Case Study

Participatory mapping in the Maldives

What problem were they solving? 

The Maldives islands are one of the lowest-lying countries in the world. Like other large ocean island states, they are vulnerable to a range of climate change impacts: rising sea levels and extreme weather events which are becoming more frequent and intense. These changes threaten the islands’ infrastructure, erode shorelines and contaminate freshwater sources. They also pose a risk to livelihood areas including tourism, fisheries and farming.  

The archipelago has produced decentralized strategies for disaster risk planning but has not developed detailed local plans for each of its over 200 inhabited islands. The National Disasters Management Authority (NDMA) works with the local councils to plan for disaster risk management at the national level, however, granular data about vulnerable building infrastructure and community assets is not always available at the island level. This lack of high-quality information available at the place and time of need – a data gap – can result in poor coordination between the central authority in charge of disaster risk planning and the communities in the smaller islands – a doing gap. Islanders are aware of, and concerned about, extreme weather events, yet many feel unprepared and helpless when it comes to disaster preparedness and response.  

What did they do? 

The UNDP Accelerator Lab in Maldives prototyped a participatory mapping approach to try to fill the data gap for vulnerability to extreme weather. Working with the local council of the Maafaru island in the Noonu atoll, the Accelerator Lab engaged 12 local residents to create a map of island infrastructure to be used for more effective disaster management. To do this, volunteers realized they first needed to improve the base layers of the map, including Maafaru’s detailed road network and building footprints. This base layer was then used to develop what is known as a Hazard, Vulnerabilities and Capacities (HVCA map). Like many islands in the archipelago, Maafaru did not have a detailed geographic information system (GIS) baseline map.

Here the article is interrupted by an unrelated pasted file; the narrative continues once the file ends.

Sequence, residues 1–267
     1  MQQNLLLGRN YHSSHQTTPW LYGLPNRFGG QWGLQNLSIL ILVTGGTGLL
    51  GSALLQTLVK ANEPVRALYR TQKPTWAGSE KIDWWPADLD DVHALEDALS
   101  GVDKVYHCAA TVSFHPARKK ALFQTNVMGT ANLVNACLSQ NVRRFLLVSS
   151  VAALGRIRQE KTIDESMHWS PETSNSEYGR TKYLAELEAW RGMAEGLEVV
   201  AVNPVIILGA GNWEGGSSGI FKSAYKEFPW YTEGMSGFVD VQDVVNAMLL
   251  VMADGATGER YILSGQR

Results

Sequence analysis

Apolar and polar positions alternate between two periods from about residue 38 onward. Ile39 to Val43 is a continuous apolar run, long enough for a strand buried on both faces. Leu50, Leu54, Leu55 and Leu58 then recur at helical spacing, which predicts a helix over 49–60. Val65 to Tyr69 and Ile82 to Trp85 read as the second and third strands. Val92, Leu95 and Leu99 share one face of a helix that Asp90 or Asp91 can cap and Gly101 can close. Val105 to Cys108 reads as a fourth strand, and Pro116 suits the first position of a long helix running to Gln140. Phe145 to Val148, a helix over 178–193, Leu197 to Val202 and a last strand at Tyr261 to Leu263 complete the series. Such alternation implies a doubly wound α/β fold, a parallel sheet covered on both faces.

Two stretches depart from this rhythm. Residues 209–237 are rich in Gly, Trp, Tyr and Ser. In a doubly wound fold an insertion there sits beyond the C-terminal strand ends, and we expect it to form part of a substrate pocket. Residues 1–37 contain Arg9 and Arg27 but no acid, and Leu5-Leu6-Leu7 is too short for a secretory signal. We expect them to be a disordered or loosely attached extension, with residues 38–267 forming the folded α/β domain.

Recruiting volunteers through social media and local networks, like NGOs and island women development committees, enabled higher levels of engagement from young people and women. Using easily accessible digital tools like Mapillary and OpenStreetMap alongside paper maps, they collected data on basic infrastructure to inform and develop a basemap of the island. In addition to the infrastructure basemap, they also created an HVCA map to visualize risk exposure and locally available physical and human resources, for example, stronger buildings which could act as assembly points. The UNDP Accelerator Lab aims to scale their methodology to other islands to institutionalize the approach within government. In the meantime, the existing maps are used to formulate island-level disaster management plans and shared with stakeholders. This open dataset can also be used to support more accurate risk modeling and loss and damage projections by others.